A thorough manual for driving safely in the snow

Driving in snowy circumstances can be extremely difficult for drivers and even result in an accident.
In light of this, preparing thoroughly before setting out on a trek in the snow is essential.

It is essential to know how to prepare your vehicle and yourself and think about alternative strategies for driving in challenging circumstances.

Is it prohibited to drive a car that has snow on it?

The journey can be made safer by using the following advice.

before driving in snow

Plan your trip.

Make sure to plan your route before you go correctly. Use the RAC Route Planner to receive traffic news updates for the smoothest possible travel.

Take into account locations that will be exposed to the weather and perhaps are prone to flooding. To avoid being taken off guard, stay informed on the weather where you are.

additional time

Before leaving, give yourself more time than usual to clean the snow from your car’s windows, mirrors, lights, and rooftop. You may be breaching the law if you drive with snow on your vehicle.

Additionally, you will need to de-ice your windscreen. For more information, see our page with the seven best techniques for keeping your windscreen clear in the winter.

Additionally, it would help if you spent some time cleaning the interior of your windscreen because it is against the law to drive without being able to see out of every window. For more information, visit our page on how to demist your windscreen quickly.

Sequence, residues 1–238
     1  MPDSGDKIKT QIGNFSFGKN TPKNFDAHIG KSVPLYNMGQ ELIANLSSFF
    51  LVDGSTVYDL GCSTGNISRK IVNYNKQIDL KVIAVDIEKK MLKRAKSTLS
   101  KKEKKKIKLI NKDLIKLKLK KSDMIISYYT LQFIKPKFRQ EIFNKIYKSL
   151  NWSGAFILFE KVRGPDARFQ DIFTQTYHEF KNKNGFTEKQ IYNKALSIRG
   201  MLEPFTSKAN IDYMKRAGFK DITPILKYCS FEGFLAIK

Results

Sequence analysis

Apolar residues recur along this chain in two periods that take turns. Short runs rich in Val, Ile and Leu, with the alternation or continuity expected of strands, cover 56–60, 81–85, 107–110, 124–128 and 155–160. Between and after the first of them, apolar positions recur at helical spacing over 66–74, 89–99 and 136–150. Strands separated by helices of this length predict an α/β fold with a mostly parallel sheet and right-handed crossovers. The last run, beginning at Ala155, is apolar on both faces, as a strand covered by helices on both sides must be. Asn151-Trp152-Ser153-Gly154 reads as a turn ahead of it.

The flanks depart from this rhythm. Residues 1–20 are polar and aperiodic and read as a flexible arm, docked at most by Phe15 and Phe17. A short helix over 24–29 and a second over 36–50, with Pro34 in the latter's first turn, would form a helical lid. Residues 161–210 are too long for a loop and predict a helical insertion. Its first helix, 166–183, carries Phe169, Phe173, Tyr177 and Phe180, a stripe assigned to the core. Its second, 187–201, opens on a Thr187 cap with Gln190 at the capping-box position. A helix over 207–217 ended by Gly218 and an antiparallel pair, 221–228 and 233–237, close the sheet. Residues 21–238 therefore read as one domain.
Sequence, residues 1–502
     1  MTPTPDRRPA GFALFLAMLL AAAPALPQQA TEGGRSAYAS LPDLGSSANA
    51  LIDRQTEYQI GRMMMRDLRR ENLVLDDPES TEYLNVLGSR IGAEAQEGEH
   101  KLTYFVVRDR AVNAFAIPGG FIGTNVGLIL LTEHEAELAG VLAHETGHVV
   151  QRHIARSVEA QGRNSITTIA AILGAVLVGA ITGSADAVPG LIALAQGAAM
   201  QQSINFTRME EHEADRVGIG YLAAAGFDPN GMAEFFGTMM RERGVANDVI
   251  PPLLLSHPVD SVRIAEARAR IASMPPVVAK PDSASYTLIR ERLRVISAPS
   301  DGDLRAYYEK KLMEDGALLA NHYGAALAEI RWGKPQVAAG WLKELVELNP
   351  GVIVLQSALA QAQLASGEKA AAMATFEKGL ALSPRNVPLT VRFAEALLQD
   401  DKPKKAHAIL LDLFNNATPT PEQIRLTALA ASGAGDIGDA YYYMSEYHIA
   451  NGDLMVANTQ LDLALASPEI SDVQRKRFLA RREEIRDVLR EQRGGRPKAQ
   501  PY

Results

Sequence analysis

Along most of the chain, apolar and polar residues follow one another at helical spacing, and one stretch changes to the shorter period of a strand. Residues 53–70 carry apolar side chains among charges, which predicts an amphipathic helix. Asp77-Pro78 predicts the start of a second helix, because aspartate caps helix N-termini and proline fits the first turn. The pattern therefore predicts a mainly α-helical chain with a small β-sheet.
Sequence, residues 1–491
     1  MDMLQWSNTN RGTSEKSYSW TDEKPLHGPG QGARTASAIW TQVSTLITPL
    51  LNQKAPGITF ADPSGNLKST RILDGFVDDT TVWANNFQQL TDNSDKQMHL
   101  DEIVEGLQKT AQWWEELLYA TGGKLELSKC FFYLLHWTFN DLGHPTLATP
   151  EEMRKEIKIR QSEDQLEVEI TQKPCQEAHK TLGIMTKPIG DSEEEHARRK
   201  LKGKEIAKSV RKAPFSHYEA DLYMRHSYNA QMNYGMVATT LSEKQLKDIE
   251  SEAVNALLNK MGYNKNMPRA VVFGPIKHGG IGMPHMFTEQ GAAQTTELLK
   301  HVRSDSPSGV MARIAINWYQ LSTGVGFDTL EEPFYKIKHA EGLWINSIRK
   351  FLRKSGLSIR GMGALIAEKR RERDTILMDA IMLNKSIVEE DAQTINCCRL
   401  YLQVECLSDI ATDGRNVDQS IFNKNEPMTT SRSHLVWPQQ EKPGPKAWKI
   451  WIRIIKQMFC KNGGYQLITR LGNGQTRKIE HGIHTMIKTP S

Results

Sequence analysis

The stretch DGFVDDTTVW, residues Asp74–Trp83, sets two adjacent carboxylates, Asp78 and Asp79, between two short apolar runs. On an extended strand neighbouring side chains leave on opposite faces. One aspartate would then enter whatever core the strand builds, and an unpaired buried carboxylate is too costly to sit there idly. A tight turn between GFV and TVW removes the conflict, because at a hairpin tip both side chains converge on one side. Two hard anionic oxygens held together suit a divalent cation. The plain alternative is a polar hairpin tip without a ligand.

Having a lock de-icer on hand will help you clear your lock, which is another smart move. If your locks freeze, try warming the key or lubricating the lock with a de-icer or an oil-based lubricant.

The subsequent checks will also take time, so you must account for them before you leave.

Examine your wipers.

Before starting the ignition, ensure all auto wiper controls are turned off because if they are stuck to the screen, this could cause the wiper control fuse to explode. To successfully clear your windscreen, your wipers must be properly functioning.

Examine your tires.

Verify the tread depth on the tires. When driving on snow and ice, bad tires will not have traction.

Switching to winter tires with thicker tread can be worthwhile if you live in a region where snowfall is frequent.

You might consider using snow chains or even snow socks if the weather is abysmal.

Verify your screenwash.

To stop the water from freezing, use a high-quality screenwash that protects at least -35 degrees. If you don’t, your windshield wipers may become inoperable in severe weather. If you’re unsure how to check and top off your screenwash, go here.

Bring emergency supplies.

Be ready for anything by making sure your car has the following items: a demisting pad, a torch (wind-up, so you don’t run out of battery), a hi-vis vest to make you visible if you break down, a blanket to keep you warm, some food, a drink, a spare bottle of screenwash, a de-icer, a blanket, a shovel, a phone charger, a map, a first aid kit, a warning triangle, As an alternative, you can purchase RAC Recovery Track, which will rescue you from mud, sand, and snow.